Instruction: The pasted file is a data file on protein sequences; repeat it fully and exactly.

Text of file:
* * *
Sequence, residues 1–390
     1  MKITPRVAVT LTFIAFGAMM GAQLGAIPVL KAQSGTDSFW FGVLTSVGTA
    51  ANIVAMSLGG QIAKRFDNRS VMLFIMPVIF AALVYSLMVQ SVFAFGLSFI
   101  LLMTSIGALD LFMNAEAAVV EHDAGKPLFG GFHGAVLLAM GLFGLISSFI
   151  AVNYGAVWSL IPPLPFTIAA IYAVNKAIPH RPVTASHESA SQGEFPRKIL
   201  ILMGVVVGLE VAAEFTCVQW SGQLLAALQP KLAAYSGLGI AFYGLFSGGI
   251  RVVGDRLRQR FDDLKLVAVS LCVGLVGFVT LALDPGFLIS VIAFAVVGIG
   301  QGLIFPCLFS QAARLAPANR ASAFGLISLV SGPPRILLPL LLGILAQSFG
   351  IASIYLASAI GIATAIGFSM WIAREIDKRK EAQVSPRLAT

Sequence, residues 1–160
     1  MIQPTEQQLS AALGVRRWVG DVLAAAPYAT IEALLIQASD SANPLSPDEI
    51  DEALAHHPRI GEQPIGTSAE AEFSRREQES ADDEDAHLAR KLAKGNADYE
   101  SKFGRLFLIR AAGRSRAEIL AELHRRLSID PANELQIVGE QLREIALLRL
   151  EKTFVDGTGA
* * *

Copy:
Sequence, residues 1–390
     1  MKITPRVAVT LTFIAFGAMM GAQLGAIPVL KAQSGTDSFW FGVLTSVGTA
    51  ANIVAMSLGG QIAKRFDNRS VMLFIMPVIF AALVYSLMVQ SVFAFGLSFI
   101  LLMTSIGALD LFMNAEAAVV EHDAGKPLFG GFHGAVLLAM GLFGLISSFI
   151  AVNYGAVWSL IPPLPFTIAA IYAVNKAIPH RPVTASHESA SQGEFPRKIL
   201  ILMGVVVGLE VAAEFTCVQW SGQLLAALQP KLAAYSGLGI AFYGLFSGGI
   251  RVVGDRLRQR FDDLKLVAVS LCVGLVGFVT LALDPGFLIS VIAFAVVGIG
   301  QGLIFPCLFS QAARLAPANR ASAFGLISLV SGPPRILLPL LLGILAQSFG
   351  IASIYLASAI GIATAIGFSM WIAREIDKRK EAQVSPRLAT

Sequence, residues 1–160
     1  MIQPTEQQLS AALGVRRWVG DVLAAAPYAT IEALLIQASD SANPLSPDEI
    51  DEALAHHPRI GEQPIGTSAE AEFSRREQES ADDEDAHLAR KLAKGNADYE
   101  SKFGRLFLIR AAGRSRAEIL AELHRRLSID PANELQIVGE QLREIALLRL
   151  EKTFVDGTGA